Given versus induced category representations: Use of prototype and exemplar information in classification

Douglas L. Medin, Mark W. Altom, Timothy D. Murphy

Research output: Contribution to journalArticle

  • 102 Citations

Abstract

Investigated differences that result from acquisition of category-level information based on experience with category members (induced) as opposed to direct presentation of prototypical values (given). A relational coding model of categorization was developed in which classification is based on a mixture of exemplar and prototype information. In 2 experiments, a total of 192 undergraduates learned about 2 ill-defined categories. Stimuli were geometric shapes varying along 4 binary-valued dimensions. For 3 groups of Ss, training consisted of (a) experience with exemplars only, (b) learning prototype values followed by exemplar experience, or (c) learning prototype values concurrently with exemplar experience. Following training, all Ss received classification tests on prototype values as well as on old and new exemplars. By varying the relative use of prototype and exemplar information, the mixture model accurately accounted for category judgments in all 3 groups. For Ss directly presented with prototype values, classification was based on a mixture of similarity to prototypes and to stored exemplars. In contrast, Ss who only received experience with exemplars appeared to base their category judgments solely on similarity to stored exemplars, even though they could accurately judge the prototype values. The 2 components of the mixture model are related to Ss' classification strategies and the nature of abstracted, category-level information. (23 ref) (PsycINFO Database Record (c) 2006 APA, all rights reserved).

LanguageEnglish (US)
Pages333-352
Number of pages20
JournalJournal of Experimental Psychology: Learning, Memory, and Cognition
Volume10
Issue number3
DOIs
StatePublished - Jul 1 1984

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Values
Learning
experience
learning
Prototype
coding
stimulus
Group
experiment
Mixture Model

Keywords

  • acquisition of category-level information based on experience with category members vs direct presentation of prototypical values, college students

ASJC Scopus subject areas

  • Experimental and Cognitive Psychology
  • Psychology(all)
  • Medicine(all)

Cite this

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abstract = "Investigated differences that result from acquisition of category-level information based on experience with category members (induced) as opposed to direct presentation of prototypical values (given). A relational coding model of categorization was developed in which classification is based on a mixture of exemplar and prototype information. In 2 experiments, a total of 192 undergraduates learned about 2 ill-defined categories. Stimuli were geometric shapes varying along 4 binary-valued dimensions. For 3 groups of Ss, training consisted of (a) experience with exemplars only, (b) learning prototype values followed by exemplar experience, or (c) learning prototype values concurrently with exemplar experience. Following training, all Ss received classification tests on prototype values as well as on old and new exemplars. By varying the relative use of prototype and exemplar information, the mixture model accurately accounted for category judgments in all 3 groups. For Ss directly presented with prototype values, classification was based on a mixture of similarity to prototypes and to stored exemplars. In contrast, Ss who only received experience with exemplars appeared to base their category judgments solely on similarity to stored exemplars, even though they could accurately judge the prototype values. The 2 components of the mixture model are related to Ss' classification strategies and the nature of abstracted, category-level information. (23 ref) (PsycINFO Database Record (c) 2006 APA, all rights reserved).",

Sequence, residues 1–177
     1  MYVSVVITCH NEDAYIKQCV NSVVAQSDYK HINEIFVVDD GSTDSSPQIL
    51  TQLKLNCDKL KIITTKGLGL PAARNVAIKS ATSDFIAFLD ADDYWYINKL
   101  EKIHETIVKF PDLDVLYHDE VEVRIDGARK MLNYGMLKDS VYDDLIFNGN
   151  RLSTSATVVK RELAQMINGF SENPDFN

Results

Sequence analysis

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Given versus induced category representations : Use of prototype and exemplar information in classification. / Medin, Douglas L.; Altom, Mark W.; Murphy, Timothy D.

In: Journal of Experimental Psychology: Learning, Memory, and Cognition, Vol. 10, No. 3, 01.07.1984, p. 333-352.

Research output: Contribution to journalArticle

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